Andrew Whiteside, Dielectic President, Dies

The television engineering veteran who joined Sinclair Broadcast Group in 1999, was killed in a climbing accident. He was 67.

Andrew Whiteside, president of antenna and signal-transmissions solutions company Dielectric, owned by Sinclair Broadcast Group, died April 30 in a climbing accident at Independence Monument in the Colorado National Monument National Park. He was 67.

He had been Dielectric’s president since 2015. In 1999, Whiteside joined Sinclair and then at its subsidiary Acrodyne Technical Services as a research scientist, eventually rising to general manager and VP, engineering. He led the design team that successfully introduced the Quantum IOT (Indictive Output Tube) and Depressed Collector ESCIOT (Energy Savings Collector IOT) transmitters. This technology increased the efficiency and operational costs associated with high power television transmitters.

Whiteside authored numerous technical papers and articles on transmitter technology and was deeply involved in the FCC Spectrum Repack initiative for US broadcasters and had been integral in the development and rollout of ATSC 3.0/NextGen television.

Born in England, Whiteside graduated from the Imperial College of Science and Technology, London University and worked for EEV (English Electric Valve) a manufacturer of high-power transmitter tubes. He emigrated to the United States in the early 1980’s to take a job as VP of engineering with David Smith and Nat Ostroff at Comark Communications, manufacturing high-power transmitters for UHF television stations, receiving an Emmy Award for his work developing the first Inductive Output Tube (IOT) UHF television transmitter.

Reflecting on his friendship with Andy, David Smith, Sinclair’s Executive Chairman said: “I first met Andy in Atlantic City when he was sent to the U.S. from EEV in England to investigate some abnormal behavior of a klystron. It was during that time with Andy that I became aware of his unique talents and very special personality.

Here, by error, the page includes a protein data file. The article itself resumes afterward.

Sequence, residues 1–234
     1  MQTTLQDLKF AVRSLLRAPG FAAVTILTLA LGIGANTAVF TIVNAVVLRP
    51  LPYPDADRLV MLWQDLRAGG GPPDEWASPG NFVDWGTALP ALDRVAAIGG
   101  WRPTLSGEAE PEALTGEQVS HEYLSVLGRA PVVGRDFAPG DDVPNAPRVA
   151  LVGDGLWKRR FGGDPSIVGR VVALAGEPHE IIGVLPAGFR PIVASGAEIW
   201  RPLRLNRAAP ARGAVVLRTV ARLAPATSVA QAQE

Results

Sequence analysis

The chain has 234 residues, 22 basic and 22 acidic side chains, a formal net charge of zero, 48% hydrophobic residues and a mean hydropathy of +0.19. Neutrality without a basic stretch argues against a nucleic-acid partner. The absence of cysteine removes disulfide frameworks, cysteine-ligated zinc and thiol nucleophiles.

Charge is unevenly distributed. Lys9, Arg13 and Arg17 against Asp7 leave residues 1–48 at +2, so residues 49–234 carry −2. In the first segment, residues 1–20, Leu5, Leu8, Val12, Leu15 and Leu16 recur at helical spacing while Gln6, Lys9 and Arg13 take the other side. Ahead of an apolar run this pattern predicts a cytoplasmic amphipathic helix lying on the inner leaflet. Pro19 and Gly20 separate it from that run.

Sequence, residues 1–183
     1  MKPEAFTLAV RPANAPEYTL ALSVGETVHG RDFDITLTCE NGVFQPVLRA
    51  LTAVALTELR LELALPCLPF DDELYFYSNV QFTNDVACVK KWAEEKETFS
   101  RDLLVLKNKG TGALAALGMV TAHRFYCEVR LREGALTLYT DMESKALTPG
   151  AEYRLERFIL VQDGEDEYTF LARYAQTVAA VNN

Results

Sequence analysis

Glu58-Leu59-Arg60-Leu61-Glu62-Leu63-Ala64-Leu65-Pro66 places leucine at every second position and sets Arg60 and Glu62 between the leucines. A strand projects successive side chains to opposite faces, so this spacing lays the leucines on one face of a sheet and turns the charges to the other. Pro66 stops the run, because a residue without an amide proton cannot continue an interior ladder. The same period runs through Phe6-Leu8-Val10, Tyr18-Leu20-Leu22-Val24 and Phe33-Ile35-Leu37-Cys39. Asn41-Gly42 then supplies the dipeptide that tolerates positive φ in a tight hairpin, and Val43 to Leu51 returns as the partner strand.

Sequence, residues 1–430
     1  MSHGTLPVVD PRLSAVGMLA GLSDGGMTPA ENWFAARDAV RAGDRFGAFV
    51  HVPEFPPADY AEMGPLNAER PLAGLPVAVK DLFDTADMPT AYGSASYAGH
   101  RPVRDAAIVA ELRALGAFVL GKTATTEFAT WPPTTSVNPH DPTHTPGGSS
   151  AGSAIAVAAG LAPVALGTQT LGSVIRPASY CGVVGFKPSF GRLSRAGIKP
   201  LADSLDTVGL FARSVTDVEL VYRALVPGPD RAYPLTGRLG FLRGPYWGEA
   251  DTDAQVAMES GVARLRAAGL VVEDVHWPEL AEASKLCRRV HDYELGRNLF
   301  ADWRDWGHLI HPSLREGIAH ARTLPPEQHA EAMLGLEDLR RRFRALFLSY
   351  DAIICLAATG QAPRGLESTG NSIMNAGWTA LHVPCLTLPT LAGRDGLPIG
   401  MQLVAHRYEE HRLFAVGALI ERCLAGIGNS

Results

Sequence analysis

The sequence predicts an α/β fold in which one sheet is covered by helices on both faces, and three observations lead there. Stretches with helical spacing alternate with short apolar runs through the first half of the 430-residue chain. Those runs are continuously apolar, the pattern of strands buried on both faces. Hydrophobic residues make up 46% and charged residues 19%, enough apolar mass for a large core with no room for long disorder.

“Over the ensuing months I convinced him to come to work with myself and the others at Comark. There came a time later, after we acquired Dielectric, that I asked Andy if he would take over the company. It was through his leadership and expertise, along with an enormous talent pool at Dielectric, that they were able to become the dominant force in the transition of the local TV industry. I consider it one of my great privileges professionally and personally to have known Andy, he was truly an incredibly special person, and for sure one of the great men in our profession. He will be sorely missed.”


Nat Ostroff said: “It is a rare life event when an individual you meet in your professional career becomes a treasured long-term associate and a dear friend. Andy Whiteside was such a person that I came to know as a dear and treasured friend. We struggled together to create and then marveled at the results of the eventual success. We suffered through the tough times building more than one company and we succeed together. Andy was not only respected for his knowledge and patience but also as a mentor to many who worked with him. It is not an exaggeration to say that he was loved by many who now morn his passing. I miss him. My world and the wider world is poorer as a result of his leaving it.”

Longtime friend and co-worker Mark Aitken, Sinclair senior vice president of advanced technology, offered: “Just couple of things out of hundreds that could describe Andy, a true friend for more than 40 years. His ‘humor’ was quite ‘coloured’ in a British sort of way. Sarcasm, tongue-in-cheek, filled with puns and wit that kept class with Monte Python (he enjoyed being told that!). His friendship, complete and honest and evident to the closest of us. Willing to share in delights along with the unpleasant, never petty, and always seeking and embracing the truth. Truly a class act.”

A longtime customer and eventual co-worker Harvey Arnold, Sinclair vice president of engineering, said: “I have worked with Andy for over 40 years. He had a keen intellect and was a well-regarded industry expert on high-power RF transmission systems. He inspired good engineering practices, and broadcast engineering is in a better place due to Andy’s work.”

He is survived by his wife Patricia and his son Griffin.

Details on services and arrangements are not yet available.

Donations can be made to either the Mesa County Search and Rescue Team or the Family Meal Train service.

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RetiredInTexas says:

May 10, 2022 at 5:42 pm

So sad. Condolences and prayers to Andy’s family.